Workers' Mistake Cuts Water Service

Water distribution problems in parts of upper Northwest Washington on Monday night were caused when city workers turned off a pump by mistake, officials said yesterday. More than 100,000 residents lost water service or had it severely curtailed for three hours.

Libby Lawson, a spokeswoman for the Water and Sewer Authority, said workers preparing to fix a leaking valve at 27th Street and Military Road NW, who were supposed to shut off a pump at Fort Reno NW, shut off both that pump and one at a pumping station in the 300 block of Bryant Street NW.

Lawson said the incident is under investigation and apologized to residents for the interruption in service.

Ford to Give Howard U. $2 Million

Howard University will receive a $2 million grant from Ford Motor Co. on Thursday, expanding one of the nation's longest-running corporate-university partnerships.

The grant will be used in part to broaden the program, providing more scholarships with increased value.

The grant will be awarded at 6 p.m. at the Blackburn University Center after an exhibition of antique Ford cars on the university's upper quadrangle.

Police Suspend Commander

A veteran D.C. police commander was suspended yesterday with pay for allegedly pulling a gun on a detective as a prank, D.C. police said.

The official, Cmdr. Thomas McGuire, who heads special investigations, was suspended pending a complete investigation of the incident, which allegedly occurred Nov. 22 in police headquarters, said Executive Assistant Chief Terrance W. Gainer.


Car Hits Wall and Bus, Killing Driver

A Lake Ridge man was killed Monday night after his car slammed into a concrete wall along Interstate 95 in Prince William County, then collided with a crowded OmniRide commuter bus. The 40 passengers aboard the bus were uninjured.

Virginia State Police said Duc Minh Ta, 48, crashed his 1987 Honda into a concrete divider along the southbound HOV lanes about 7:30 p.m. Police spokeswoman Lucy Caldwell said Ta apparently had missed the exit ramp onto Route 123 and hit the wall as he was attempting to cut over toward the ramp. The car then collided with the commuter bus.

Ta, an employee in The Washington Post's systems and engineering department, was pronounced dead at Potomac Hospital. Police said he was wearing a seat belt.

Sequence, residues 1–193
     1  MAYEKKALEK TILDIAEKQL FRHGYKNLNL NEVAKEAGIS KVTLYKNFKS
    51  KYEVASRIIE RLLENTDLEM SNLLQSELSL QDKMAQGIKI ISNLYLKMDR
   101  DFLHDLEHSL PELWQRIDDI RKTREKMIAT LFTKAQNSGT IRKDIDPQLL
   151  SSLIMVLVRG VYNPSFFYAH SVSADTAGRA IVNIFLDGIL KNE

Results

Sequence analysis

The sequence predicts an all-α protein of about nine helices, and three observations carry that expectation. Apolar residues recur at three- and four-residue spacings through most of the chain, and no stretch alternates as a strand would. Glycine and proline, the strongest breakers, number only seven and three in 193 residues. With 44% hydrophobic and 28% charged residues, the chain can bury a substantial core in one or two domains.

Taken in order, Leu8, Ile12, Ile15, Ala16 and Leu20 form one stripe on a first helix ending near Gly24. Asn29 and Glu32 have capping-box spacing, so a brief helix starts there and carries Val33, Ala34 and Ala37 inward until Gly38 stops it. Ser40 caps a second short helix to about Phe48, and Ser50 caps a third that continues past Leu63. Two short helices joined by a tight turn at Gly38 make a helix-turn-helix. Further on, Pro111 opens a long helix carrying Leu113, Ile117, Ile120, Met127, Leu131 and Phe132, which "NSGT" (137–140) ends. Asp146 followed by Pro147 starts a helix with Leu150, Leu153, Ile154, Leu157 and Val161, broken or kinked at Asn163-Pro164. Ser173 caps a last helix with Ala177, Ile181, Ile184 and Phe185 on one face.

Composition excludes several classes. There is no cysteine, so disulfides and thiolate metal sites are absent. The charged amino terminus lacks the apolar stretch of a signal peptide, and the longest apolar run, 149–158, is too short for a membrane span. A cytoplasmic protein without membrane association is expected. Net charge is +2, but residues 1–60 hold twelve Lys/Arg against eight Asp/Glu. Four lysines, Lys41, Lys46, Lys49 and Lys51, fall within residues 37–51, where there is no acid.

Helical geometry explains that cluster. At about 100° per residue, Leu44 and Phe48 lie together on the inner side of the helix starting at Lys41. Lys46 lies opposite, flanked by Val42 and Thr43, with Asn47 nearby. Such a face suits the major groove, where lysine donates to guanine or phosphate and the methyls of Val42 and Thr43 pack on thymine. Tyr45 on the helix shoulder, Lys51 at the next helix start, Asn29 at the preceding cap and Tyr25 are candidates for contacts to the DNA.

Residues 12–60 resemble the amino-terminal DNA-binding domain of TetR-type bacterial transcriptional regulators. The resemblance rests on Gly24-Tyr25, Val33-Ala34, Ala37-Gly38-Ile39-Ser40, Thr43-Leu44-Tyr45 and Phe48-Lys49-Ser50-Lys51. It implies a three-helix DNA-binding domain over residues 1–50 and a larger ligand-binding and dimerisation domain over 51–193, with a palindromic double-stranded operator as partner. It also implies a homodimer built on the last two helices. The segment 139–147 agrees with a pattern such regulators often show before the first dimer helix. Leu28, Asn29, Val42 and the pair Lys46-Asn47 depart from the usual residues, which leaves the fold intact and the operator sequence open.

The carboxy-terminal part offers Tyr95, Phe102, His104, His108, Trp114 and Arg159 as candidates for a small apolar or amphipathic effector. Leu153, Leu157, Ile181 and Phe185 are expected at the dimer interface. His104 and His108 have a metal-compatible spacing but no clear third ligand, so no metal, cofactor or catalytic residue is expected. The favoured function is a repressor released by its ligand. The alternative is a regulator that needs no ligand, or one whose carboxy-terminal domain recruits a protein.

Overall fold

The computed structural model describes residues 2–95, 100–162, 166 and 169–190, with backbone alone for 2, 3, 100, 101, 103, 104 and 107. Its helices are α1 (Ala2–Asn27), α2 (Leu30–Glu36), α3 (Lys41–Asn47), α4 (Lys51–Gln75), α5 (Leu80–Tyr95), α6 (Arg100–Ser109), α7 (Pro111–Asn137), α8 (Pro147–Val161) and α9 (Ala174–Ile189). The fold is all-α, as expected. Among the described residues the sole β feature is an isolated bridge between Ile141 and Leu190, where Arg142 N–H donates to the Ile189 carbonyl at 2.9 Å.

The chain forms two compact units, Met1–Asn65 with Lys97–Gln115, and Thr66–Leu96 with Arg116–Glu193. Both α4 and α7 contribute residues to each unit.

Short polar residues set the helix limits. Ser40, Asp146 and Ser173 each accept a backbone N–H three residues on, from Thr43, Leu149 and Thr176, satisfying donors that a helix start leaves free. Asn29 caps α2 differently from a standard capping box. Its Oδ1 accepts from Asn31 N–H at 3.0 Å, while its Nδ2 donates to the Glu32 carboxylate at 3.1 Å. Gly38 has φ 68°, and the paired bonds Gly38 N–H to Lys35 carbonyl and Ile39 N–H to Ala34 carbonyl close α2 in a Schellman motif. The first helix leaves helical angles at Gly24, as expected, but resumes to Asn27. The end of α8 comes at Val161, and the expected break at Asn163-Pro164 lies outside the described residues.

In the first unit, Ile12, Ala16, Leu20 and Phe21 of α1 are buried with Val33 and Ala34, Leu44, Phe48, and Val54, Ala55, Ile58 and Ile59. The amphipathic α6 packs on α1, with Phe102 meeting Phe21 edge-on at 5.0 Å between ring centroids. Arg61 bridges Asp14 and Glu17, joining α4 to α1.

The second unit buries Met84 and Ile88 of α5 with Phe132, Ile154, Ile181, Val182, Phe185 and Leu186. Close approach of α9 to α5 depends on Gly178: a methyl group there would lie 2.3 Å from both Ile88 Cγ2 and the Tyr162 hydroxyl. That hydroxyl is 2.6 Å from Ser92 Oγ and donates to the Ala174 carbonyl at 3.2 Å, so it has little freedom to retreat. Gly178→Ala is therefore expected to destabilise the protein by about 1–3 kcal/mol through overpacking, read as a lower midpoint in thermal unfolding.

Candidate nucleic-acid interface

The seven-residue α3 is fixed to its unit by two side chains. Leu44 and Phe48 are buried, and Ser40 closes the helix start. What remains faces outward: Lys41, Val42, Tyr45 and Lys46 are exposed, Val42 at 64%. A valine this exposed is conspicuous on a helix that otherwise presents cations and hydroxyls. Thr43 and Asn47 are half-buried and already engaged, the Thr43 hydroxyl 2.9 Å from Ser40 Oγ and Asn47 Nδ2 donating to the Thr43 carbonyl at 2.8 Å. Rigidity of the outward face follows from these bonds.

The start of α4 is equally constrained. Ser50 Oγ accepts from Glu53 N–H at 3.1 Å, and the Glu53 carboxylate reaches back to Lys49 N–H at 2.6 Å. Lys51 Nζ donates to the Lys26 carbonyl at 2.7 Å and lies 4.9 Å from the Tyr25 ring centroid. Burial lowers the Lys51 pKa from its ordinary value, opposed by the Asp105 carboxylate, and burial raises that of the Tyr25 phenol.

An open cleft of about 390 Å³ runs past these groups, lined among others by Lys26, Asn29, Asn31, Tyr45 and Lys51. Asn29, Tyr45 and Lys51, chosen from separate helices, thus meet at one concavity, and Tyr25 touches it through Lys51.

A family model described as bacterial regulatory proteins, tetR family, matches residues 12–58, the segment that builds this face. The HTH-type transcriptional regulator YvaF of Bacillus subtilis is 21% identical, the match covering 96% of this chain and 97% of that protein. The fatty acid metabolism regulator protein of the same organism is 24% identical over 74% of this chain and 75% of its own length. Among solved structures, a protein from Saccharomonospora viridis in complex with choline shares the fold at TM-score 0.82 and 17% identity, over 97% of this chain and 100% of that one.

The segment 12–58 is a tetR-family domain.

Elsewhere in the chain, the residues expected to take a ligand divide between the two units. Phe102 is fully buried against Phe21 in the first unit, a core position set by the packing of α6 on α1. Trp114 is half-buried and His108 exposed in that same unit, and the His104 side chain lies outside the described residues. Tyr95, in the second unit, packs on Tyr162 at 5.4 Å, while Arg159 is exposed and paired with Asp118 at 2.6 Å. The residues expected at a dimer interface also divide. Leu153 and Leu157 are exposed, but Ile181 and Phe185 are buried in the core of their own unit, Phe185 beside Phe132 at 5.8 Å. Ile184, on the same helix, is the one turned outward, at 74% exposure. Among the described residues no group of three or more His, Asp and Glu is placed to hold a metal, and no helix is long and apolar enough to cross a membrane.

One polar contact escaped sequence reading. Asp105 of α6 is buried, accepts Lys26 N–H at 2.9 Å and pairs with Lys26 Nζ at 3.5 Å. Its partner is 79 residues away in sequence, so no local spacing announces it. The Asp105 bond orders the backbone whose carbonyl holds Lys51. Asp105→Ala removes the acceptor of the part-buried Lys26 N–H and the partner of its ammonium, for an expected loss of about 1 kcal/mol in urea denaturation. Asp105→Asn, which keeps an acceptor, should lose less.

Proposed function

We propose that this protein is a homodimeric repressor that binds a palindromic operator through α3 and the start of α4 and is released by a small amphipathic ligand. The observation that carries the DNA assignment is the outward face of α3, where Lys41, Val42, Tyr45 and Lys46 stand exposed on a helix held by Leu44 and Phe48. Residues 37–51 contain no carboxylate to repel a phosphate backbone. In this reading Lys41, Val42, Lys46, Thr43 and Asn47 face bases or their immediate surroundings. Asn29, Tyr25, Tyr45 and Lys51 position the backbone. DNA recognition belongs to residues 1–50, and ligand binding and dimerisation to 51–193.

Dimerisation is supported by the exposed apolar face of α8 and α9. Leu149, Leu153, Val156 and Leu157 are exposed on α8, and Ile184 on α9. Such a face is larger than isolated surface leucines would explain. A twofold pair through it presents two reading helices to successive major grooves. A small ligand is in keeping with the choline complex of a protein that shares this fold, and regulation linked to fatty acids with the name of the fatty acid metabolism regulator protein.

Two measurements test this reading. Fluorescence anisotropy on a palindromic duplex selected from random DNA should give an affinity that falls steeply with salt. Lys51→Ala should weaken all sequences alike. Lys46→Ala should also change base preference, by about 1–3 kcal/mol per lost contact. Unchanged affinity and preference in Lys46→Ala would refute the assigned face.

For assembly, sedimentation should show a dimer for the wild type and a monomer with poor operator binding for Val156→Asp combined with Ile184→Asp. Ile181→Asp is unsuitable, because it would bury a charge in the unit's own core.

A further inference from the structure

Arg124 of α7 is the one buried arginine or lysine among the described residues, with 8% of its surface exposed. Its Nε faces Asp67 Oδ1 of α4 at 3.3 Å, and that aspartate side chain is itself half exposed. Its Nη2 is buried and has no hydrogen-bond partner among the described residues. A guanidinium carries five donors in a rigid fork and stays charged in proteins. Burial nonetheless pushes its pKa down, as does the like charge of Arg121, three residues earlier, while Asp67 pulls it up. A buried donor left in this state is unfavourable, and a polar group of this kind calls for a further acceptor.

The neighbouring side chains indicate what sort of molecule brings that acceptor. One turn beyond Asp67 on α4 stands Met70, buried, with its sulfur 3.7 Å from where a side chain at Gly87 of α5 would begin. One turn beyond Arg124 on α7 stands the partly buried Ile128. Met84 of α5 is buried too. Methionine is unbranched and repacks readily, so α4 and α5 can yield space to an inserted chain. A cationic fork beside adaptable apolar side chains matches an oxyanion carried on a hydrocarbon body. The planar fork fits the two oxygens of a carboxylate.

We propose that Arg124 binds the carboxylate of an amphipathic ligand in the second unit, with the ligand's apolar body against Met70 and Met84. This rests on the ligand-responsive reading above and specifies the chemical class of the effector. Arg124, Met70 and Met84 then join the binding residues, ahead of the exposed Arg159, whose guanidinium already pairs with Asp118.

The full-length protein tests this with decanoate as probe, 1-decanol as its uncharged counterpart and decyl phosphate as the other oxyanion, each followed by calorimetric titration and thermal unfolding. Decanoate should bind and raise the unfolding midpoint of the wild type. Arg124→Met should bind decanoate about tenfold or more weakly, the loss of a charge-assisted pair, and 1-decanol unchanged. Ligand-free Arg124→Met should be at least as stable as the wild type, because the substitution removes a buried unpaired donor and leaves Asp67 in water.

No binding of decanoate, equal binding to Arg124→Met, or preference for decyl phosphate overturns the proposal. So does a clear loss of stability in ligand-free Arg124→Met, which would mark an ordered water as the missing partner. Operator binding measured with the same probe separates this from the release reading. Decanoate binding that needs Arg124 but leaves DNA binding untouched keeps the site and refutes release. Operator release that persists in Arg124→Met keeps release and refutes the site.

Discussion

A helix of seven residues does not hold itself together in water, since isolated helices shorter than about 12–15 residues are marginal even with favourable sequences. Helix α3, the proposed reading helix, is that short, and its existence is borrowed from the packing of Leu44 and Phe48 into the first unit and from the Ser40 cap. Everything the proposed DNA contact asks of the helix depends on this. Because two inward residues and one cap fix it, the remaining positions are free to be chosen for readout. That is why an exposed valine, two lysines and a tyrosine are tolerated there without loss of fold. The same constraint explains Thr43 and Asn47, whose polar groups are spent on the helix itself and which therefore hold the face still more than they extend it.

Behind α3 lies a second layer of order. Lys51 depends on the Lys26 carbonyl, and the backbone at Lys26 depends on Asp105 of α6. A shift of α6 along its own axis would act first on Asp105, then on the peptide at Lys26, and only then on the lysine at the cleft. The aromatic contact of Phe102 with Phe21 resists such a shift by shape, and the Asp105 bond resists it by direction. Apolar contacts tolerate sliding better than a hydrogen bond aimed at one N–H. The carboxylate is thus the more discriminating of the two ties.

Farmers to Fight Fertilizer Ruling

A group of 11 Amelia County farmers said yesterday that they will ask the Virginia Supreme Court to throw out a judge's decision upholding the county's ban on using treated human waste as fertilizer.

The farmers sued the county in April, contending the ban conflicted with state law that allows application of sludge if a farmer has a permit from the state Department of Health. On Nov. 9, Circuit Judge Thomas V. Warren ruled that the county ban did not conflict with the law.

The Amelia Board of Supervisors voted in March to ban the use of the treated human waste, known as biosolids, because of concerns that the fertilizer is a health and environmental hazard.

Farmers save on fertilizer costs by using the free sludge from wastewater treatment plants.


Gordon to Leave Montgomery School Post

Beatrice B. Gordon, the longest-serving member of Montgomery County's Board of Education and past president of the Maryland Association of School Boards, has decided not to seek a third term.

"I feel strongly that board members ought to have a strong connection to the schools. My daughters are grown and almost out of college," she said. "I don't have a reason to be as involved as closely anymore."

Gordon's is one of three school board seats up for election next year. Board member Mona M. Signer has already filed to run for reelection. And Kermit V. Burnett, who was appointed after Blair G. Ewing left to run for the County Council, plans to run as well.

Several names are being floated as potential candidates for Gordon's at-large seat. Sharon Cox, former president of the county's Parent Teacher Association, confirmed she plans to run and will file before the Dec. 27 deadline. So far, only Bill White, who has run before as an anarchist, has filed.

Panel Urges Business Grant Changes

State economic development officials would have more flexibility to hand out loans and grants to business prospects under legislation proposed this week by a study panel.

But the panel on Monday refused to recommend giving up legislative oversight of grants made from the state's highest-profile aid program, the Sunny Day fund that is used when Maryland is competing with other states for major economic development projects.

The Department of Business and Economic Development would still have to get legislative approval for all grants from the fund, but the study group proposed changes in procedures to allow quicker approval of projects under $2.5 million.

County Councils Elect Leaders

The Prince George's and Montgomery county councils elected new officers yesterday for the coming year.

In Prince George's, Dorothy F. Bailey (D-Temple Hills), a former Family Services director and an ally of County Executive Wayne K. Curry (D), takes over as council chairman.

Bailey succeeded council member M.H. Jim Estepp (D-Upper Marlboro) in the largely ceremonial post. The council elected first-term council member Peter A. Shapiro (D-Brentwood) to be vice chairman.

In Montgomery, council member Michael L. Subin (D-At Large) was picked to succeed Isiah Leggett (D-At Large) as president. Council member Blair G. Ewing (D-At Large) was elected vice chairman.


"It's a huge national event, and at least some contribution should come from those staging the party. People who throw the party should pay the band."

-- Chris Zimmerman, Arlington's representative on the Metro board of directors. Metro wants the federal government to help pay the estimated $1 million that it will cost to ferry revelers around the region to the New Year's Eve party on the Mall.